Michigan Land Use Institute

MLUI / Articles from 1995 to 2012 / NAACP, Institute Recommend: Better Transit, Housing and Race Relations

NAACP, Institute Recommend: Better Transit, Housing and Race Relations

Three crucial steps will accelerate Detroit’s renaissance

March 9, 2005 | By Charlene Crowell
Great Lakes Bulletin News Service

From its founding as a French fort in 1701, to its emergence as the world’s auto capital in the 1930s, to its population and production peak in the late 1950s, Detroit was a city with a booming local economy, a vibrant urban culture boasting strong retail activity, and richly diverse neighborhoods reflecting their residents’ ethnicity, culture, and customs.

Today too much of Detroit is but a faint echo of those golden years. Retail activity within the city is greatly diminished; the buses that replaced once-crowded trolleys have great trouble providing even adequate service; and neighborhoods that once reflected America’s ethnic diversity are today overwhelmingly African-American and poor.

In spite of such setbacks, Detroit seems to be moving forward again, particularly when it comes to rebuilding the city’s commercial, residential, industrial, and educational facilities.
After a long period when construction activity and building permit applications were almost non-existent, Detroit in the past year saw:

  • 3,005 building permits issued for projects totaling $368 million.
  • 4,400 new residential units under construction.
  • Brownfield redevelopment activity that attracted $224 million in new investment and generated  hundreds of new jobs.
  • An unprecedented multi-billion-dollar, citywide public school construction boom.

Despite such advances, much must still be done to make Detroit a world-class city again.

The Detroit Branch NAACP and the Michigan Land Use Institute recommend decisive action on three major issues:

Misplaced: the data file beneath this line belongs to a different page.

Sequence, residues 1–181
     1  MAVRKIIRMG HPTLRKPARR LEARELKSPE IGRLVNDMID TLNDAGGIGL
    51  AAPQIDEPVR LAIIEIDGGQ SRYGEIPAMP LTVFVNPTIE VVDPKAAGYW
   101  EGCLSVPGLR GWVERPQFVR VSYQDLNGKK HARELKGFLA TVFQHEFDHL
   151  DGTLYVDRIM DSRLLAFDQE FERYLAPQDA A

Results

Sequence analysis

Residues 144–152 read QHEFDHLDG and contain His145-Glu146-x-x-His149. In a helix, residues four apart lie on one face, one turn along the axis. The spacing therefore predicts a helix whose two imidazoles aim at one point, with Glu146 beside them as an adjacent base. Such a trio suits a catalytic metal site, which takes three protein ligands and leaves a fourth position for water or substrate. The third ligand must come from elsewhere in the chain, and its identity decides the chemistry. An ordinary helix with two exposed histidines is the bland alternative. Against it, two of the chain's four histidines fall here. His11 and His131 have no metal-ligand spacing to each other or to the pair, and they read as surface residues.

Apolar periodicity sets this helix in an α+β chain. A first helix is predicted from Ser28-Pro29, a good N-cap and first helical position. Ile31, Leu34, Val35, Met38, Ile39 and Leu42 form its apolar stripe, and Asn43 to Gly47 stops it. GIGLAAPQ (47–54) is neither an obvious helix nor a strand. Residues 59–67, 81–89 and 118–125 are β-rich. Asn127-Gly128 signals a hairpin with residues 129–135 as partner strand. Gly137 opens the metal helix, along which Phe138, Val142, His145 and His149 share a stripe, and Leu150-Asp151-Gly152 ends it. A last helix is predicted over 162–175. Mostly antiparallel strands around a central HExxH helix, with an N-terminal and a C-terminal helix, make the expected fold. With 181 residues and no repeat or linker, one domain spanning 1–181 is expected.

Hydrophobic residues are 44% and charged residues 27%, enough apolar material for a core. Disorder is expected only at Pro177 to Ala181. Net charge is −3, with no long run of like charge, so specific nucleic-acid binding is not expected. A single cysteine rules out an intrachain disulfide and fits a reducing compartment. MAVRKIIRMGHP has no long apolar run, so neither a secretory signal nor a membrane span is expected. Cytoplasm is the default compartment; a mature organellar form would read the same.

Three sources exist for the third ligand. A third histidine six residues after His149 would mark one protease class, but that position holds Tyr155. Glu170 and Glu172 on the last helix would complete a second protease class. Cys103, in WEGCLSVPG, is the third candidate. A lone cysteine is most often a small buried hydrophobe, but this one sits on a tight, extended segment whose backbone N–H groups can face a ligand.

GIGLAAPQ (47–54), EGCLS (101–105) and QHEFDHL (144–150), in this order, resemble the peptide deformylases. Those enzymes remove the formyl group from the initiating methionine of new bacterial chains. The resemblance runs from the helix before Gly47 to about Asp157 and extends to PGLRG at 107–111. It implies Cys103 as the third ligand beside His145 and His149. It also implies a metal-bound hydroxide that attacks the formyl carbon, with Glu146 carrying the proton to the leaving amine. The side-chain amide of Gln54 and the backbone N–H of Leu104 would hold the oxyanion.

Public Transportation
Without exception, the Detroit residents we talked to identified effective, efficient, and convenient regional public transportation as a “must” for moving the city forward. The real question is whether the public, particularly suburban residents, will support the cost of developing it.
Recommendation: Working with local officials, state lawmakers and the governor must quickly identify and establish a dedicated revenue source for the Detroit Area Regional Transportation Authority. Public transit cannot improve without this.
The new system must attain a level of service, convenience, and efficiency that exceeds anything metro Detroit has witnessed in recent decades. The system must market itself as a transportation mode that is desirable for all urban and suburban citizens, particularly commuters, not just the poor and those with disabilities.

Affordable Housing
In Michigan, a full-time worker must earn at least $13.31 an hour to afford a two-bedroom apartment at fair-market rent. This means that the rental of quality housing is well out of the reach of far too many Detroiters. The dream of home ownership is even farther away for many in Detroit, the country’s sixth-poorest city.
Recommendation: Greatly expand state-supported affordable housing opportunities to ensure that city residents can benefit from the
stability, security, community enrichment, and pride that accompanies home ownership.

Race Relations
The region’s modern-day re-segregation reflects both race and class. This not only perpetuates and increases racial stereotyping, fear, and animosity; it also guarantees that the city’s tax base remains insufficient for properly funding city government and services.
Recommendation: Develop mixed-income, mixed-use neighborhoods that allow easy access to residents’ daily needs while rebuilding Detroit’s badly eroded tax base.

Michigan Land Use Institute

148 E. Front Street, Suite 301
Traverse City, MI 49684-5725
p (231) 941-6584 
e comments@mlui.org